Today we continue our Galápagos travel. Here is a preview of the islands you may call on:
Santiago (James)—Tidal pools reveal a profusion of octopi, starfishes, and other undersea life. Rare fur sea lions that were once on the verge of extinction cavort nearby, and we often spot oystercatchers, blue herons, and yellow-crowned night herons.
Bartolome—One of the youngest islands, Bartolome displays a fantastic landscape of lava formations—including the famous Pinnacle Rock. The mangroves often hide mating sea turtles.
South Plaza—Sea lions often greet us raucously as we step ashore. We also find land iguanas busy eating the opuntia cactus flowers and pads. There are colonies of swallow-tailed gulls, shearwaters, and red-billed tropicbirds.
Rabida (Jervis)—A reddish beach and steep volcanic slopes give this island its distinctive look.
Leon Dormido (Kicker Rock)—Cruise around this sheer 500-foot tuff cone formation, where blue-footed boobies and sea lions abound.
Santa Cruz—At the Charles Darwin Research Station, learn about pioneering ecological studies and the giant Galápagos tortoise-breeding program.
Floreana (Charles)—Like the other islands, Floreana has its coterie of remarkable creatures. But it’s the human stories that will engage you here as your guide tells of the first inhabitant, a shipwrecked Irishman, and the quirky “post office” in a barrel, where sailors have been leaving letters for delivery since 1793. This “post office” still operates today.
Santa Fe (Barrington)—Hike through a forest of opuntia cactus, where land iguanas doze, and then snorkel in clear water with coral reefs, manta rays, sea turtles, and colorful schools of fish.
North Seymour—Here you’ll find the largest colony of frigatebirds in the Galapagos and a major nesting site for the blue-footed booby. On the beach, sea lions ride the waves.
San Cristobal (Chatham)—The town of Puerto Baquerizo Moreno on this island is the sleepy capital of the Galápagos province. Ochoa Beach boasts pelicans and other sea birds, as well as a delightful swimming beach. Nearby is Lobos Island, where you’ll see pelicans, frigatebirds, and a sea lion colony.
Española (Hood Island)—Sea lions, marine iguanas, and many kinds of birds are found here, including Darwin’s finches, Hood mockingbirds, and blue-footed and masked boobies. Along the southern shore, spectacular cliffs rise up from the sea. From November to April, the remarkable waved albatross, which can spend years at sea without touching land, can be seen performing their unique, perfectly-choreographed mating ritual.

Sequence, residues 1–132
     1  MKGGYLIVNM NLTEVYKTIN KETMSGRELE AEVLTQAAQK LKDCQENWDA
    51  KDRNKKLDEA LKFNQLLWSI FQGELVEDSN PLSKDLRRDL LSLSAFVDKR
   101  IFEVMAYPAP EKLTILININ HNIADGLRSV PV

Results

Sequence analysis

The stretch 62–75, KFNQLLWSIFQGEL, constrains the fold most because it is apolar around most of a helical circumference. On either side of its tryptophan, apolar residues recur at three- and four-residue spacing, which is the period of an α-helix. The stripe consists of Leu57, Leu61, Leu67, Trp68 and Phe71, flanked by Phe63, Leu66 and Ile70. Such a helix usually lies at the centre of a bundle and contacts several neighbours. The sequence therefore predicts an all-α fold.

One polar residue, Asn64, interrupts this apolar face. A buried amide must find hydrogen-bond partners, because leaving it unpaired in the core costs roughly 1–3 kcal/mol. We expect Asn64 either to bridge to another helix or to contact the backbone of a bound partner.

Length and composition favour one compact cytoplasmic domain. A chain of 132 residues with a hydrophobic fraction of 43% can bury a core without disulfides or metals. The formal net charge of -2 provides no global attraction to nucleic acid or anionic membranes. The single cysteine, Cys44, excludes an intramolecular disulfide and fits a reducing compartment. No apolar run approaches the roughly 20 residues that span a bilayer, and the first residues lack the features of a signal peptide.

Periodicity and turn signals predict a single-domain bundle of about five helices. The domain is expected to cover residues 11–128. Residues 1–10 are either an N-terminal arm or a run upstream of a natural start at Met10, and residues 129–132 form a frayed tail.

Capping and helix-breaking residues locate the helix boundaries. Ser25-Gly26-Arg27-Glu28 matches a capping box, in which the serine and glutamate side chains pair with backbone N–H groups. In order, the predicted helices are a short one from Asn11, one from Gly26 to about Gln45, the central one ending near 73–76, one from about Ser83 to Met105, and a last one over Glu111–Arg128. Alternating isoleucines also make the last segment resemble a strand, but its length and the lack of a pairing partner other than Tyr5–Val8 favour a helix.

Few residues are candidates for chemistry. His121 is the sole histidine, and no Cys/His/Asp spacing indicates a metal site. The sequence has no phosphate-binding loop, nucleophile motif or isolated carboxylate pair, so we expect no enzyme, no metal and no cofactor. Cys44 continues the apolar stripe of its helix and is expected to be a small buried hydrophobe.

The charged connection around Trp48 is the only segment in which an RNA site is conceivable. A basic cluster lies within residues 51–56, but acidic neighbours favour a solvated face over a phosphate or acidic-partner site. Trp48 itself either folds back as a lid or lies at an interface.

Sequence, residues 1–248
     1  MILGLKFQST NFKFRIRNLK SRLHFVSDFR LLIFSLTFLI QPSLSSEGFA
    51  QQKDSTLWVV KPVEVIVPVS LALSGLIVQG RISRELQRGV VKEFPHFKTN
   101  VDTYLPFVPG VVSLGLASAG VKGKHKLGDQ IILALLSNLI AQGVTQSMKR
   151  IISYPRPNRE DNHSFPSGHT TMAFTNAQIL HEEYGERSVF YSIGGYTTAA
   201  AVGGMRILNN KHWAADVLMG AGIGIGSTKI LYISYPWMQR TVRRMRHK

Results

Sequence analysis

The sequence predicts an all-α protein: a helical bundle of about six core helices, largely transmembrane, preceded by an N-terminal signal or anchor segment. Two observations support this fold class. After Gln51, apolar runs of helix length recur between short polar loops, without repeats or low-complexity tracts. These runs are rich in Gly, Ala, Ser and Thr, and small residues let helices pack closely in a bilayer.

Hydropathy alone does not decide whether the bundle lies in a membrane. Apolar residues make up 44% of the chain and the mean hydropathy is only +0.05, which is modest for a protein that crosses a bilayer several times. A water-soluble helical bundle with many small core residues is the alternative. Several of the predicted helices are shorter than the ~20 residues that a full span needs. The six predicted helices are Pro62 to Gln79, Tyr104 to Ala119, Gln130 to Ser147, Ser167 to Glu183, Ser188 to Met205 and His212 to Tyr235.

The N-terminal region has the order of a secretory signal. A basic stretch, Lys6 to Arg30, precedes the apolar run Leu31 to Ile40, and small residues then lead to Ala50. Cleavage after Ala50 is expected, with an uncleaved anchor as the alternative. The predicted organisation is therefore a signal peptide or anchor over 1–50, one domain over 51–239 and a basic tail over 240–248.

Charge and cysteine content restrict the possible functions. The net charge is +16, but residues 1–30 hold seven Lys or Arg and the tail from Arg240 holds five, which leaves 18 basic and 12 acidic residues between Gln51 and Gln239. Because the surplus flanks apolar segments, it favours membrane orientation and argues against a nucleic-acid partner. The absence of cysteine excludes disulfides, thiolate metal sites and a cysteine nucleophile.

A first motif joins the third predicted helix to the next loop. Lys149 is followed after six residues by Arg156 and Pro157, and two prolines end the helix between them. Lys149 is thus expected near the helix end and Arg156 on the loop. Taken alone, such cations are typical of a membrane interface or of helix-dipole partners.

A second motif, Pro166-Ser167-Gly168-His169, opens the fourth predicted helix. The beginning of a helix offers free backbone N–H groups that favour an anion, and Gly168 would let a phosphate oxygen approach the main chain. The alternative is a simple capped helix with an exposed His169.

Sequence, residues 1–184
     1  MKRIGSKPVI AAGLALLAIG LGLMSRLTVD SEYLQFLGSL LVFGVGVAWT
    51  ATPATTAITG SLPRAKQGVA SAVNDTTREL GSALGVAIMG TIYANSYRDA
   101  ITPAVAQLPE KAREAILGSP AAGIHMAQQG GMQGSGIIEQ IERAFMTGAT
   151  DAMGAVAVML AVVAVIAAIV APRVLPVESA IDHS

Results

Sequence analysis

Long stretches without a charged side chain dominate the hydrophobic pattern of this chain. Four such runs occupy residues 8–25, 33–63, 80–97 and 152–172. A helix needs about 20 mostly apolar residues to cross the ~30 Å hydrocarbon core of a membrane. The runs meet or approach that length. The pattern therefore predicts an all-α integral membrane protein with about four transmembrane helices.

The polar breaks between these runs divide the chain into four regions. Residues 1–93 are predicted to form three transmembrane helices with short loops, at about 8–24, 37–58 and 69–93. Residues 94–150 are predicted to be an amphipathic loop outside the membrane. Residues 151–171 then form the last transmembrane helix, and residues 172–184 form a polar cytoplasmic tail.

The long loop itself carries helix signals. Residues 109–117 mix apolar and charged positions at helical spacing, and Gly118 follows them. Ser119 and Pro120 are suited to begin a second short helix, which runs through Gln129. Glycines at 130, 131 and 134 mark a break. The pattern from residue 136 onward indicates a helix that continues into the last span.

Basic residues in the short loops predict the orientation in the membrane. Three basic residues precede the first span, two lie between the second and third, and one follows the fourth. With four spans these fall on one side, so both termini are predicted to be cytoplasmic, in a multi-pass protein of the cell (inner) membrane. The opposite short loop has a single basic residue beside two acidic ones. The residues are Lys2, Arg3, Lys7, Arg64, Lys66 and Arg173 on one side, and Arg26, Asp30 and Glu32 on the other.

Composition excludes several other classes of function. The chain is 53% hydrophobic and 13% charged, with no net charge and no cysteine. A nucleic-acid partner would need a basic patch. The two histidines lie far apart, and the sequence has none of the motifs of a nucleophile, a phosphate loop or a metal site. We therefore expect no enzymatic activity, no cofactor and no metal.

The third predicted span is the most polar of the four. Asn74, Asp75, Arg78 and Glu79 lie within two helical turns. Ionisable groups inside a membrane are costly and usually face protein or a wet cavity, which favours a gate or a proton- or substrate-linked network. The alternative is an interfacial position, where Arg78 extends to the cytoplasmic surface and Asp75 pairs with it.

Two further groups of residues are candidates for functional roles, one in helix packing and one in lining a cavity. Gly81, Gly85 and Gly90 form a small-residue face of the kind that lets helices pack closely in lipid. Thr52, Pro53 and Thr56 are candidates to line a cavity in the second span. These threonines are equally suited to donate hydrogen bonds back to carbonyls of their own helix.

Today we continue our Galápagos travel. An OAT traveler commented that, “The Galápagos are sun, sea, and a workshop in evolutionary biology.” We'll make numerous landings by small dinghies that involve stepping into knee-deep water to wade ashore. Once on land, we'll walk with our naturalist Trip Leader along trails that bring us close to the many indigenous species.
Today we continue our Galápagos travel. When we are not viewing wildlife on shore, we can swim, sunbathe, and perhaps go snorkeling among sea lions and vividly colored tropical fish. Throughout the trip, we'll see magnificent landscapes of white-sand beaches, sparkling clear aquamarine water, and black and red volcanic rock landscapes.
Today we continue our exploration of the Galápagos. As we take in their striking seascapes, we can consider how they have impressed great American writers in two different centuries. Herman Melville blended knowledge of the islands, gained from his days as a sailor, with fiction in his 1854 novella The Encantadas or Enchanted Isles. More than 100 years later, Kurt Vonnegut's 1985 novel Galápagos drew inspiration from the author's own visit to the archipelago. Unique and remote, the Galápagos Islands will no doubt continue to influence creative artists for centuries to come.
This is the last day we spend in the Galápagos, and we’ll continue to enjoy snorkeling, exploring, observing wildlife, and hiking around the islands. Tonight, we’ll enjoy a special dinner onboard during which we’ll bid farewell to the crew.
Today, we return to Baltra or San Cristobal, say farewell to our boat crew, and disembark. We fly via Guayaquil to Quito and check in to our hotel. Dinner is on your own this evening.
You have the morning at leisure to make your own discoveries in Quito; lunch is on your own. In the afternoon, we'll visit the colorful Inaquito produce market and then head to the Inti Nan Museum. Inti Nan is the Quechua phrase for “Path of the Sun,” and the museum contains replicas of indigenous sun temples and other interesting artifacts—not to mention the fact that the equator actually runs through the museum. This evening, we celebrate our discoveries at a Farewell Dinner, then transfer to the airport for our return flight to the U.S. If you are taking the post-trip extension to Ecuador: The Andes & the Devil's Nose Train, you will travel overland to Riobamba after breakfast today; the Quito activities mentioned will take place on the last day of your extension.